9. RADIO EMISSION FROM RED-GIANT HOT JUPITERS

    International Nuclear Information System (INIS)

    Fujii, Yuka; Spiegel, David S.; Mroczkowski, Tony; Nordhaus, Jason; Zimmerman, Neil T.; Parsons, Aaron R.; Mirbabayi, Mehrdad; Madhusudhan, Nikku

    2016-01-01

    When planet-hosting stars evolve off the main sequence and go through the red-giant branch, the stars become orders of magnitudes more luminous and, at the same time, lose mass at much higher rates than their main-sequence counterparts. Accordingly, if planetary companions exist around these stars at orbital distances of a few au, they will be heated up to the level of canonical hot Jupiters and also be subjected to a dense stellar wind. Given that magnetized planets interacting with stellar winds emit radio waves, such “Red-Giant Hot Jupiters” (RGHJs) may also be candidate radio emitters. We estimate the spectral auroral radio intensity of RGHJs based on the empirical relation with the stellar wind as well as a proposed scaling for planetary magnetic fields. RGHJs might be intrinsically as bright as or brighter than canonical hot Jupiters and about 100 times brighter than equivalent objects around main-sequence stars. We examine the capabilities of low-frequency radio observatories to detect this emission and find that the signal from an RGHJ may be detectable at distances up to a few hundred parsecs with the Square Kilometer Array

  10. RADIO EMISSION FROM RED-GIANT HOT JUPITERS

    Energy Technology Data Exchange (ETDEWEB)

    Fujii, Yuka [Earth-Life Science Institute, Tokyo Institute of Technology, Tokyo, 152-8550 (Japan); Spiegel, David S. [Analytics and Algorithms, Stitch Fix, San Francisco, CA 94103 (United States); Mroczkowski, Tony [Naval Research Laboratory, 4555 Overlook Ave SW, Washington, DC 20375 (United States); Nordhaus, Jason [Department of Science and Mathematics, National Technical Institute for the Deaf, Rochester Institute of Technology, Rochester, NY 14623 (United States); Zimmerman, Neil T. [Space Telescope Science Institute, 3700 San Martin Drive, Baltimore, MD 21218 (United States); Parsons, Aaron R. [Astronomy Department, University of California, Berkeley, CA (United States); Mirbabayi, Mehrdad [Astrophysics Department, Institute for Advanced Study, Princeton, NJ 08540 (United States); Madhusudhan, Nikku, E-mail: yuka.fujii@elsi.jp [Astronomy Department, University of Cambridge (United Kingdom)

    2016-04-01

    When planet-hosting stars evolve off the main sequence and go through the red-giant branch, the stars become orders of magnitudes more luminous and, at the same time, lose mass at much higher rates than their main-sequence counterparts. Accordingly, if planetary companions exist around these stars at orbital distances of a few au, they will be heated up to the level of canonical hot Jupiters and also be subjected to a dense stellar wind. Given that magnetized planets interacting with stellar winds emit radio waves, such “Red-Giant Hot Jupiters” (RGHJs) may also be candidate radio emitters. We estimate the spectral auroral radio intensity of RGHJs based on the empirical relation with the stellar wind as well as a proposed scaling for planetary magnetic fields. RGHJs might be intrinsically as bright as or brighter than canonical hot Jupiters and about 100 times brighter than equivalent objects around main-sequence stars. We examine the capabilities of low-frequency radio observatories to detect this emission and find that the signal from an RGHJ may be detectable at distances up to a few hundred parsecs with the Square Kilometer Array.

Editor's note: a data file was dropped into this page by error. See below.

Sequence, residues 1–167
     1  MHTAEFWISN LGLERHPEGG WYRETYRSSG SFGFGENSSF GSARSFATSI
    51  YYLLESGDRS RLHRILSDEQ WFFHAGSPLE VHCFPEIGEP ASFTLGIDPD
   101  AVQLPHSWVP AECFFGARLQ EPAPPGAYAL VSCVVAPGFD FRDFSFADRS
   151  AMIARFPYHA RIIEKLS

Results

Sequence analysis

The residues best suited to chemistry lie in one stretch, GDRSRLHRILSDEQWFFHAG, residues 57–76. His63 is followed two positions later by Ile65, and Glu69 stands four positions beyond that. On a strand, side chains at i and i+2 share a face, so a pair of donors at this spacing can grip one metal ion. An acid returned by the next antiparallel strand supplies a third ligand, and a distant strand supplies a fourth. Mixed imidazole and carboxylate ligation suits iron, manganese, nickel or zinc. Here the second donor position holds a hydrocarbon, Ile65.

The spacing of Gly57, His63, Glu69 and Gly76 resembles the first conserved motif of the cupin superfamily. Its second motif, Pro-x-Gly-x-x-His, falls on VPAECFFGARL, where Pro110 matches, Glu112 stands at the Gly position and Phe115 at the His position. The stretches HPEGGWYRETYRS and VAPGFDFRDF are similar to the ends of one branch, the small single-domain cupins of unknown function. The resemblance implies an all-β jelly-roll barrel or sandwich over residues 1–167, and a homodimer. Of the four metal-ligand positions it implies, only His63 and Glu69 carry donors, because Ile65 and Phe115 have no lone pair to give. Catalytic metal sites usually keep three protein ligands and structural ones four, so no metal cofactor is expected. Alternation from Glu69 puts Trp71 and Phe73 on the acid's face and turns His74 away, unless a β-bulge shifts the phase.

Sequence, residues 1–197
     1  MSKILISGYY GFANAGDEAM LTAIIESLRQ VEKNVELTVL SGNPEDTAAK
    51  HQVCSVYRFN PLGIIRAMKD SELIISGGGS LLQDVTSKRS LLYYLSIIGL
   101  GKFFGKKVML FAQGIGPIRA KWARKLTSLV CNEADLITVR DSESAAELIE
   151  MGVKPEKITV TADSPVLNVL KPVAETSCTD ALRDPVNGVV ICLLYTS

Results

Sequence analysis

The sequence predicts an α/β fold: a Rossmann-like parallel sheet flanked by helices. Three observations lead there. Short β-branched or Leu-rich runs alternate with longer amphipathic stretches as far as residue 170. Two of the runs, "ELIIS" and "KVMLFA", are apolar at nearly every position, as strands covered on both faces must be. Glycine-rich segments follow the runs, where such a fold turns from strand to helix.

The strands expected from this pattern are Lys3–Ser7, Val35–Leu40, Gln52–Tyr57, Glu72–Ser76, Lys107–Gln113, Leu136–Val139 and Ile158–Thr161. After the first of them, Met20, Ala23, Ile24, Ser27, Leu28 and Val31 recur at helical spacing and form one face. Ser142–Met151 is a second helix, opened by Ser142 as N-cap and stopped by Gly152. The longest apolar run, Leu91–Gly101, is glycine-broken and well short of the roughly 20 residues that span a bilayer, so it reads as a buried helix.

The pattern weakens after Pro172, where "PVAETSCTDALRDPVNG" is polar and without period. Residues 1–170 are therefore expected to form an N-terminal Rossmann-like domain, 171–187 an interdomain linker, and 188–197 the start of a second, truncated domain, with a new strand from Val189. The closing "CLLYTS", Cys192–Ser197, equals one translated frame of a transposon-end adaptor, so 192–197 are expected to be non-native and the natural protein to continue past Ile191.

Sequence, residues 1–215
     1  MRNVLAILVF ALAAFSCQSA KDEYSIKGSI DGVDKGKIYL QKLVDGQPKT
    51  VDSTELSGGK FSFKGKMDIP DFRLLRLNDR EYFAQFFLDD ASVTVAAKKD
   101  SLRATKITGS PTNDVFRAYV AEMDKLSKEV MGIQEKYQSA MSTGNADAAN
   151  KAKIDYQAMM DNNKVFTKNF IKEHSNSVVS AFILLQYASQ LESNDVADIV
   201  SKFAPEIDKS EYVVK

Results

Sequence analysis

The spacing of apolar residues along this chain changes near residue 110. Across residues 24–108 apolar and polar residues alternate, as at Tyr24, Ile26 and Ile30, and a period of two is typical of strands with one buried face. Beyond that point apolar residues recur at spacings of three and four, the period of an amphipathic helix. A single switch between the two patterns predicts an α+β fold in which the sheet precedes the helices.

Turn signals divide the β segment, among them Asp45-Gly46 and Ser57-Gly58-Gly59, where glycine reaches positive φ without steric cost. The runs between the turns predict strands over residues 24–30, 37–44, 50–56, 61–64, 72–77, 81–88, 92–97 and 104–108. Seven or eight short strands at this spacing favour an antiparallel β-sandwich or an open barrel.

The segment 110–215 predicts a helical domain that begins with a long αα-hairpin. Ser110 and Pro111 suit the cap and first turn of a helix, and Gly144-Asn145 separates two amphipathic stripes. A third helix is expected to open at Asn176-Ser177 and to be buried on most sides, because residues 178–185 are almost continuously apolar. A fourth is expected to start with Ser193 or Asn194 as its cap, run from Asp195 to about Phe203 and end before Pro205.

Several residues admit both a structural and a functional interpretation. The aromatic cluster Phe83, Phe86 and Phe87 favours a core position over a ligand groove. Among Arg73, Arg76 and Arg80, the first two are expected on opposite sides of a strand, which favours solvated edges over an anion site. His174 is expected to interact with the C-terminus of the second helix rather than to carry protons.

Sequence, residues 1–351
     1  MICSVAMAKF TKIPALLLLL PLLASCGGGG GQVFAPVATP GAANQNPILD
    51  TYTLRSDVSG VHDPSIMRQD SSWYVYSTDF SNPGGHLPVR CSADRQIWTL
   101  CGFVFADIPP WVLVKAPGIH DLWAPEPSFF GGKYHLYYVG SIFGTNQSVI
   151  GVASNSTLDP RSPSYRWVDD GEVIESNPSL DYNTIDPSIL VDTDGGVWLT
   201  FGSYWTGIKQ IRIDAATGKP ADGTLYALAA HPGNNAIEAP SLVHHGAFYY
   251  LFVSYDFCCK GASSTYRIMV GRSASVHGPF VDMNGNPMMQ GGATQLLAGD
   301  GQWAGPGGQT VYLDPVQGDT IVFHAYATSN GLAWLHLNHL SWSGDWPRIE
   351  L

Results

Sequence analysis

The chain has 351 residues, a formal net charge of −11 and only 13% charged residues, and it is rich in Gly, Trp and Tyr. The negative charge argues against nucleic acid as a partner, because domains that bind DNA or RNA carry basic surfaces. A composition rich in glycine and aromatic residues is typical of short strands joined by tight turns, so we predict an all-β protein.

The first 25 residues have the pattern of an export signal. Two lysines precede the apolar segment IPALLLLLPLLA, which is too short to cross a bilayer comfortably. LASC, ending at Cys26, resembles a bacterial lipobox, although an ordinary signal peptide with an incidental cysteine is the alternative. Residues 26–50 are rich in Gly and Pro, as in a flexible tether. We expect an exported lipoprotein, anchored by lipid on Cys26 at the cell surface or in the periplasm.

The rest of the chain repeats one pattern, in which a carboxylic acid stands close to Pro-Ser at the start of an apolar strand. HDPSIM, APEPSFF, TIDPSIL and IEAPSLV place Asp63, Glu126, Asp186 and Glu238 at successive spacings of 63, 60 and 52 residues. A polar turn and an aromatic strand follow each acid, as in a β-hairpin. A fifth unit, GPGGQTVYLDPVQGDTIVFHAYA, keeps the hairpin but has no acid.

11. Luminosity and Intrinsic Color Calibration of Main-Sequence Stars With 2Mass Photometry: All Sky Local Extinction

    Directory of Open Access Journals (Sweden)

    Knude Jens

    2003-12-01

    Full Text Available We present a new color index vs. absolute magnitude calibration of 2MASS JHK photometry. For the A0 to ~G5 and M segments of the main sequence information on the amount of interstellar extinction and its location in space may be obtained.

  12. Supernova SN 2011fe from an exploding carbon-oxygen white dwarf star.

    Science.gov (United States)

    Nugent, Peter E; Sullivan, Mark; Cenko, S Bradley; Thomas, Rollin C; Kasen, Daniel; Howell, D Andrew; Bersier, David; Bloom, Joshua S; Kulkarni, S R; Kandrashoff, Michael T; Filippenko, Alexei V; Silverman, Jeffrey M; Marcy, Geoffrey W; Howard, Andrew W; Isaacson, Howard T; Maguire, Kate; Suzuki, Nao; Tarlton, James E; Pan, Yen-Chen; Bildsten, Lars; Fulton, Benjamin J; Parrent, Jerod T; Sand, David; Podsiadlowski, Philipp; Bianco, Federica B; Dilday, Benjamin; Graham, Melissa L; Lyman, Joe; James, Phil; Kasliwal, Mansi M; Law, Nicholas M; Quimby, Robert M; Hook, Isobel M; Walker, Emma S; Mazzali, Paolo; Pian, Elena; Ofek, Eran O; Gal-Yam, Avishay; Poznanski, Dovi

    2011-12-14